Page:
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June 13, 2013 / carlispina

Take Over An Australian Town With Run That Town

Run That TownHave you ever wanted to control a town? Now is your chance! The Australian Bureau of Statistics recently released a new free app that takes real data from the 2011 census and uses it to offer an extremely engaging town management simulation. Called Run That Town, the app lets users select any Australian town they would like by inputing the town’s postcode. For those of us who are not as familiar with Australian towns, there is an option to have a random town selected for you.

Once you have selected a town, you are tasked with running it.  When you start, you are presented with a helpful tutorial that gives a quick, useful, and graphical introduction to the game mechanics. These instructions give you all the information needed to get started managing your town. When the game first starts, you will be offered several different proposals. For each proposal, you have information about the public view of the proposed project including quotations and demographic information about supporters and detractors. You can opt to approve or reject any proposal, but you can’t just wait forever either, as each proposal has a deadline after which it is no longer available. Choosing to undertake proposals will cost both money and clout points and, while you do earn more of each of these as time passes in the game, you can easily run out of both if you don’t manage them carefully. When you choose to approve a proposal, the construction will start immediately, but completion of the project will take time. A separate section of the app presents newspaper articles about your successes and failures, with articles appearing each time a project is completed and as other random events or “incidents” occur. These articles can also signal your gains and losses in popularity. While you start at 50% approval, you will find that this level fluctuates over time, proving that you can’t make everyone happy.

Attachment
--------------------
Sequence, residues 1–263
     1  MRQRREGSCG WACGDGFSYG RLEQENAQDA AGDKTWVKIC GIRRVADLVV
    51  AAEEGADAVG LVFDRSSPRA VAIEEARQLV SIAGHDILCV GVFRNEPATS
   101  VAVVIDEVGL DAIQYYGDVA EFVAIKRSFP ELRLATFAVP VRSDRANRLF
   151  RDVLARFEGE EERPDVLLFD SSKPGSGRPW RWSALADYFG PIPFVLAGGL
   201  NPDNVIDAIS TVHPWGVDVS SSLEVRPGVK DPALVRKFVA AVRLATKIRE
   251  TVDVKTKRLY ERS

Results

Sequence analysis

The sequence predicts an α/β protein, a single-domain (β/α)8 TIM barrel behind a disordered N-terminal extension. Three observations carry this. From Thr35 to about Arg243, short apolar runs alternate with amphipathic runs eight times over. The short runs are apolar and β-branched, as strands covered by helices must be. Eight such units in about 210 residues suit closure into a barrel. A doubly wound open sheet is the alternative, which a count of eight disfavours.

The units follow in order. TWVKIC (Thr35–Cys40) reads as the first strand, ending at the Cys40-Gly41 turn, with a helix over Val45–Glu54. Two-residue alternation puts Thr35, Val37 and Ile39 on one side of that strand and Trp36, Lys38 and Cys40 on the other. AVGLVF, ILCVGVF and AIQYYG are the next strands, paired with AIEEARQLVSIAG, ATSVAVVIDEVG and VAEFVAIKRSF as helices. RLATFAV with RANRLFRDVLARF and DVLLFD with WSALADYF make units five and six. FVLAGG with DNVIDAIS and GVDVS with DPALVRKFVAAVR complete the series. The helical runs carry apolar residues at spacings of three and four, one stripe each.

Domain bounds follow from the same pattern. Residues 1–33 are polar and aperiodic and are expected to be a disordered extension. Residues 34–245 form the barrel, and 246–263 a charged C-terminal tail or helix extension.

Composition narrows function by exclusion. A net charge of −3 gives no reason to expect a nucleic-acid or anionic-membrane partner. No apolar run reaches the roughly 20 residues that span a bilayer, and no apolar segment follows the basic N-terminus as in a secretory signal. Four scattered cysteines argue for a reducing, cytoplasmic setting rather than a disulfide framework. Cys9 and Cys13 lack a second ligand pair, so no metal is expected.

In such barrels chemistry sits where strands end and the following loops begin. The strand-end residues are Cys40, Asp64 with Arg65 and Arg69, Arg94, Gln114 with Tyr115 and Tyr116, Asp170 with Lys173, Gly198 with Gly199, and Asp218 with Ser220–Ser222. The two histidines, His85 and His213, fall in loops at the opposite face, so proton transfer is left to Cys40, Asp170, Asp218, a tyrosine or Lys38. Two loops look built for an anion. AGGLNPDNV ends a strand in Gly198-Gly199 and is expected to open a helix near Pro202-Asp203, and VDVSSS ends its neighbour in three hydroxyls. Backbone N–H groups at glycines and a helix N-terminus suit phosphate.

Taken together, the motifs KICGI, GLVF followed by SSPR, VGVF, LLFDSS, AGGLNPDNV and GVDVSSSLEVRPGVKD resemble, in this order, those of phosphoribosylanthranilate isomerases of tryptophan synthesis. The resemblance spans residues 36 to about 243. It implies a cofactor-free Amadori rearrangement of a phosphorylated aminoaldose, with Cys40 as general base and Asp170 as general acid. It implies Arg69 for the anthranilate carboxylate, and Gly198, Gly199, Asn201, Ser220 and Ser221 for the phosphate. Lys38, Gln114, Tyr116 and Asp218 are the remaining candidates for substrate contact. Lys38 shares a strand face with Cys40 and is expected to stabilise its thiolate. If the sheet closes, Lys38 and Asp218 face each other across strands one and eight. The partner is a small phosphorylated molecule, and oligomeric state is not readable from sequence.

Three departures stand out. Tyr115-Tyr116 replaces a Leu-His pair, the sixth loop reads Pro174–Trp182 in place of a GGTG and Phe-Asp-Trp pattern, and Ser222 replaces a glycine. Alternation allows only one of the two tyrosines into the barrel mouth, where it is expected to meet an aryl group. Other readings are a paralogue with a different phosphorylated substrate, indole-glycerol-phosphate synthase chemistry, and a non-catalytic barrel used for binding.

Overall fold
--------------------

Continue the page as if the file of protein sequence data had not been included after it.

In playing the game, I have found that it generally starts off fairly easily but it slowly becomes more difficult to maintain your popularity. While you can’t change the difficulty level of the game, you can change the speed with which time advances, making the game more complicated. I was impressed with some of the details that this game got right. For example, when you are reading your headlines, the flow of time in the game pauses to level the playing field for slow readers. The game also offers cute achievements that you can unlock for both positive achievements (the “Worshipped” badge for over 80% popularity) and negative achievements (the “Ruin This Town” badge for letting 5 or more projects fall into disrepair). The game is accessible for young players and difficult enough to be fun for adults as well. Its animations and artwork are fun and I found that the app worked well throughout all the games I played. It is primarily designed for iPhones and, while it can be played on an iPad, it should be noted that the game does not resize and will remain the size of an iPhone screen.

Overall, I really like this game. It is a great way to bring census data to life and an impressive offering from a national Bureau of Statistics. I would highly recommend it for fans of Sim City or Parks and Recreation. Watch the video below to learn more about it:

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